Your existing items and in-app purchases can no longer charge money with Chrome Web Store payments. You can still query license information for previously paid purchases and subscriptions. (The licensing API will accurately reflect the status of active subscriptions, but these subscriptions won’t auto-renew.)

Developers who want to charge money for new extensions will not be able to do so and will have to find other ways of monetizing their Chrome apps.

Google isn’t shutting the door to monetization completely, it’s just the Chrome Web Store Payments system that’s shutting down, and Google. Developers will have to migrate to a different payment processor, and they’ll have to migrate license tracking as well. This may sound like a task for developers only, but Google does not that users might need to “help:”

There is no way to bulk export your existing user licenses, so you need to have your users help with this part of the migration.

In other words, if you’re paying for any Chrome extension, you should make sure you have your license ready when the time comes to transition to something else, especially if you’re on some subscription plan.

Google explains that the web “has come a long way” since the Chrome Web Store was launched, and that’s why things are changing. “In the years since, the ecosystem has grown, and developers now have many payment-handling options available to them,” Google says.

One other reason to remove Chrome Web Store payment support concerns user security. Google confirmed earlier this year an uptick in the number of fraudulent transactions that involved Chrome extensions, having temporarily disabled publishing paid items in late January.



Source link

قالب وردپرس

Continue Reading

Technology

How old age is changing: Researchers say senior citizens are fitter than ever before

Published

on


Elderly people are fitter and healthier than ever before, researchers say (Provider: Sujata Setia)

Senior citizens are fitter and healthier than ever before, according to a new study.

Researchers found that older people are keeping physically fit and mentally strong for longer.

Older people’s physical and mental abilities have improved ‘meaningfully’ when compared to that of their peers three decades ago, according to new research.

Experiencing cognitive and physical decline after a certain age – known as the ‘lifetime maximum’ – is to be expected.

Rising living standards are however delaying the twilight years tipping point.

Co-author post doctoral student Matti Munukka, of the University of Jyväskylä in Finland, said: ‘The cohort of 75- and 80-year-olds born later has grown up and lived in a different world than did their counterparts born three decades ago.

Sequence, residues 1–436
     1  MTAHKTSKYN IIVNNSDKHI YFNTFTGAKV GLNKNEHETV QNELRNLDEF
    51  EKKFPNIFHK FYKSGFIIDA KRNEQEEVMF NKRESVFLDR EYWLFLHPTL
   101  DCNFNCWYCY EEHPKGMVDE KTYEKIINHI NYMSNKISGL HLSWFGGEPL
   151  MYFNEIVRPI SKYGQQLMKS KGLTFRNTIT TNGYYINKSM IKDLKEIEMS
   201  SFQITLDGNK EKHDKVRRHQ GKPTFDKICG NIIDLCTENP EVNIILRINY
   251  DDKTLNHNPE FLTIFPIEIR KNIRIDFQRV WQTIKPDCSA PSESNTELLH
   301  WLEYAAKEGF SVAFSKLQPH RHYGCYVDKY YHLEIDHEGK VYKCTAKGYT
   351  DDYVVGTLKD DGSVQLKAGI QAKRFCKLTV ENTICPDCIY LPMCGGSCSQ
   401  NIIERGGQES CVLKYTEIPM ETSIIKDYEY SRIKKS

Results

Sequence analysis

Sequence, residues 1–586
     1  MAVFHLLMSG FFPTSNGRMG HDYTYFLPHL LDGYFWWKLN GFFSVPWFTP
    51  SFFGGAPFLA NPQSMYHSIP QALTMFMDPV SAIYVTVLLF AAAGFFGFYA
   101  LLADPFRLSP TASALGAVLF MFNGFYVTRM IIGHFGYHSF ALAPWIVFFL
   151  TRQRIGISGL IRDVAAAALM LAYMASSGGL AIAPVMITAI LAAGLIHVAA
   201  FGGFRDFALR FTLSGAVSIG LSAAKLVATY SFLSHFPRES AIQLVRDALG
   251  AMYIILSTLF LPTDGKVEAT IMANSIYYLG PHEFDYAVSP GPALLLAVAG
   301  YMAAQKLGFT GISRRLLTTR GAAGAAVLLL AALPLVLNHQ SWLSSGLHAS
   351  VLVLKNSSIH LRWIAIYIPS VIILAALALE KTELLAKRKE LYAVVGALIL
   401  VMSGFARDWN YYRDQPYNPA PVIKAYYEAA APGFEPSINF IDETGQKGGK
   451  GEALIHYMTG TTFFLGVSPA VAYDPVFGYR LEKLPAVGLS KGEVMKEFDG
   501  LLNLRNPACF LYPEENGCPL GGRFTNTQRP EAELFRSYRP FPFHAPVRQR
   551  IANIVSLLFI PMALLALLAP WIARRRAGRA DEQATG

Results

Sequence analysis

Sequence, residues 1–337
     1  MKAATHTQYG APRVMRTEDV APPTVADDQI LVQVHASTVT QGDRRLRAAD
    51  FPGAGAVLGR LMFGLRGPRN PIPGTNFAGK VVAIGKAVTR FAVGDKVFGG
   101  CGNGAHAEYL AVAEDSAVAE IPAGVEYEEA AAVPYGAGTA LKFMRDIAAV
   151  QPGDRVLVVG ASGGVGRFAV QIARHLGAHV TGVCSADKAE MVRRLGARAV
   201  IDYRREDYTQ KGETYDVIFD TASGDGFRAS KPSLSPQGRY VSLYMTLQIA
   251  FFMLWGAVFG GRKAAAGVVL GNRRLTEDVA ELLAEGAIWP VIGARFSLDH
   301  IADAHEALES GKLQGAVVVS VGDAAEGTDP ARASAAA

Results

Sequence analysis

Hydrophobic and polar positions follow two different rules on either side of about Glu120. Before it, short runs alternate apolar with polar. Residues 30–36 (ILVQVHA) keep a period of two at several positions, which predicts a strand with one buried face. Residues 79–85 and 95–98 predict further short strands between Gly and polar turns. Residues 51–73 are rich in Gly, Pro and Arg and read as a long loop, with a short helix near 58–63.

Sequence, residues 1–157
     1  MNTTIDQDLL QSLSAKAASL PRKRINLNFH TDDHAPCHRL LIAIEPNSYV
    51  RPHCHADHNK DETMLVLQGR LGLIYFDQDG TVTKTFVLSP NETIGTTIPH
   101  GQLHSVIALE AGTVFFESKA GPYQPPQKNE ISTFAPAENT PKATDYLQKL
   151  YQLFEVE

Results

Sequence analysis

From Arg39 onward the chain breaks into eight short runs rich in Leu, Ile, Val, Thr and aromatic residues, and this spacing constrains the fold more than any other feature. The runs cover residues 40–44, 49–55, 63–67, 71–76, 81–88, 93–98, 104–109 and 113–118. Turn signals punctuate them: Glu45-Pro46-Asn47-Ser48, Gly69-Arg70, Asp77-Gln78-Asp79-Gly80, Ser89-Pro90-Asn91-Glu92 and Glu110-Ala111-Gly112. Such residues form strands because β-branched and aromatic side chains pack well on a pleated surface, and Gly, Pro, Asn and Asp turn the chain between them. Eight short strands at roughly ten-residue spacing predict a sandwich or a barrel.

‘There have been many favourable changes. These include better nutrition and hygiene, improvements in health care and the school system, better accessibility to education and improved working life.’

Elderly couples and life lessons photo series

Researchers looked at seventy and eighty-year-olds now and compared them with the same ages in the 1990s (Provider: Sujata Setia)

The researchers compared the physical and cognitive performance of 75 to 80-year-olds today with that of same-aged people during the 1990s.

Co-author Professor Taina Rantanen also at the University of Jyväskylä said: ‘Performance-based measurements describe how older people manage in their daily life, and at the same time, the measurements reflect one’s functional age.’

Muscle strength, walking speed, verbal fluency, reaction speed, reasoning and working memory among elderly men and women are nowadays ‘significantly’ better than 30 years ago, the scientists found.

Co-author Doctoral Student Kaisa Koivunen said: “Higher physical activity and increased body size explained the better walking speed and muscle strength among the later-born cohort.

‘Whereas the most important underlying factor behind the cohort differences in cognitive performance was longer education.’

Life expectancy in the UK for a baby born in 2018 now sits at 87.6 years for a boy and 90.2 years for a girl, according to the Office for National Statistics.

Professor Rantanen said: ‘This research is unique because there are only a few studies in the world that have compared performance-based maximum measures between people of the same age in different historical times.

‘The results suggest that our understanding of older age is old-fashioned.’

Elderly couples and life lessons photo series

The UK has an aging population (Provider: Sujata Setia)

Understanding elderly people is particularly important for countries like the UK, which have an aging population.

Professor Rantanen said: ‘From an aging researcher’s point of view, more years are added to midlife, and not so much to the utmost end of life.

‘Increased life expectancy provides us with more non-disabled years, but at the same time, the last years of life comes at higher and higher ages, increasing the need for care.’

Average age in the UK is expected to increase from 40 to 45-years-old by 2050.

Professor Rantanen said: ‘Among the ageing population, two simultaneous changes are happening: continuation of healthy years to higher ages and an increased number of very old people who need external care.’

The findings were published in The Journals of Gerontology, Series A: Biological Sciences and Medical Sciences.



Source link

قالب وردپرس

Continue Reading

Trending